When I started riding a road bike nearly five years ago I didn’t have any idea that there was actually a technique involved in braking. If I wanted to slow down I just grabbed either or both of the brake levers and it seemed to work. I had no notion that the front and back brakes have a different role and that there was actually a technique involved in using them. I, like so many newbie cyclists used my brakes far too much, particularly when cornering. So I thought it would be helpful if I shared some of what I have learned from others and from my own research.
In Australia and some other countries, the brake lever for the front brake is on the right hand side of the handlebars and the rear brake on the left hand side. Unless you’ve bought your bike overseas or had your brakes altered, then this will be the standard set up.
When braking, your front brake is there to stop you and the back brake is there to shave off speed. Roughly 70-80% of your stopping power comes from the front brake. Leaving 20-30% for the back brake. Try standing on the ground over your top tube and applying the brakes one at a time and pushing your bike forward. You’ll see how this really applies.
For most riding you should have your hands in a position where you can brake easily. In most cases this is going to be with your hands on the brake hoods. That doesn’t mean you can’t ride with your hands on the top of the handlebars but it should be reserved for times when you know you are unlikely to need to brake quickly.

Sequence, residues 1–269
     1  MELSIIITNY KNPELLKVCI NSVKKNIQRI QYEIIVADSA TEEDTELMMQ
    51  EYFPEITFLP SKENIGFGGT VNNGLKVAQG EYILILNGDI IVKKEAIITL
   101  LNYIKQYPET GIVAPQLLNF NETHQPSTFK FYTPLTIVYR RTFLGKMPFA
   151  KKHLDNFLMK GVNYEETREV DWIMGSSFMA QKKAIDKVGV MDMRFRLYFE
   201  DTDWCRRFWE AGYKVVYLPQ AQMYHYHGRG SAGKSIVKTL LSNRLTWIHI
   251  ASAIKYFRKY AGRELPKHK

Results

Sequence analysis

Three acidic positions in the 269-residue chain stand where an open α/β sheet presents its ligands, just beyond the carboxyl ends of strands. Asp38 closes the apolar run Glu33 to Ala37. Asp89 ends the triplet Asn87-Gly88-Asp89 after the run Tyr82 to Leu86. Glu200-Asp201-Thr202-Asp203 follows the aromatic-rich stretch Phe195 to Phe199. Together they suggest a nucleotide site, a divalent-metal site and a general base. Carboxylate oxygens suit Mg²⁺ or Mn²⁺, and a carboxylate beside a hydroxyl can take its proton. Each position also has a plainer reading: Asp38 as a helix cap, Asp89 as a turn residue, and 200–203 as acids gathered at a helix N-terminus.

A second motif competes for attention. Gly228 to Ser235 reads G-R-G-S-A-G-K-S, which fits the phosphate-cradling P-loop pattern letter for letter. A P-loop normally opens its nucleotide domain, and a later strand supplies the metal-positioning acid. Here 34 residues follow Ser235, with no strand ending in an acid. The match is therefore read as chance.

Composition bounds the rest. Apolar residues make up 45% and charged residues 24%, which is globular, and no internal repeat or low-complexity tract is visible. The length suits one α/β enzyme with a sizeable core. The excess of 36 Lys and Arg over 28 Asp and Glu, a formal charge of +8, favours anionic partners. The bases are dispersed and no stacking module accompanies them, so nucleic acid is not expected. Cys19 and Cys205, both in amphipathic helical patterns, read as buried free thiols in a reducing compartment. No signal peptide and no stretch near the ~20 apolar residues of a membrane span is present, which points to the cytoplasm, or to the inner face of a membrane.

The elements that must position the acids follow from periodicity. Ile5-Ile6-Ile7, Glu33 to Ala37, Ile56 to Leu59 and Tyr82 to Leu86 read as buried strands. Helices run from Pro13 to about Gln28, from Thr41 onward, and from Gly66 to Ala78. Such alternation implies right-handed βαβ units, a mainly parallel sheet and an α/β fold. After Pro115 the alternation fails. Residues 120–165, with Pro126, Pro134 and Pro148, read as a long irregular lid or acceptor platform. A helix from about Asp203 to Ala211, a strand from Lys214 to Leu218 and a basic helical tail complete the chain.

Some experts say you should never brake when cornering but this is a bit unrealistic, particularly for new cyclists whose natural instinct is to slow down when they have to go around a corner. Be aware that the harder you brake the more your bike wants to straighten out, which obviously makes it harder to go around a corner. Instead you should feather your brakes lightly and wash off your speed before you enter the turn. Then turn with minimal or no braking.
If you grab the brakes too hard when you are descending the bike will be difficult to handle and may even send you over the handlebars. Use both brakes evenly but brake lightly to wash off your speed, then release them and repeat as required. If you apply both brakes continuously they will heat up too much.
When you hit the brakes hard in an emergency situation your bike slows down or stops and your body keeps going, sending your weight forward over the front wheel. To counter this effect you need to shift your weight back on the saddle. It’s worth practicing this rather than having to remember in a real emergency situation.
Braking in wet weather
Your rims will be less grippy in the wet so brakes will work less effectively so ride more slowly and allow more room to stop.
It all sounds great in theory and definitely requires practice. Even after five years I still find myself braking too much, although being conscious of how the brakes actually work really helps me continue to improve my bike skills. Good luck.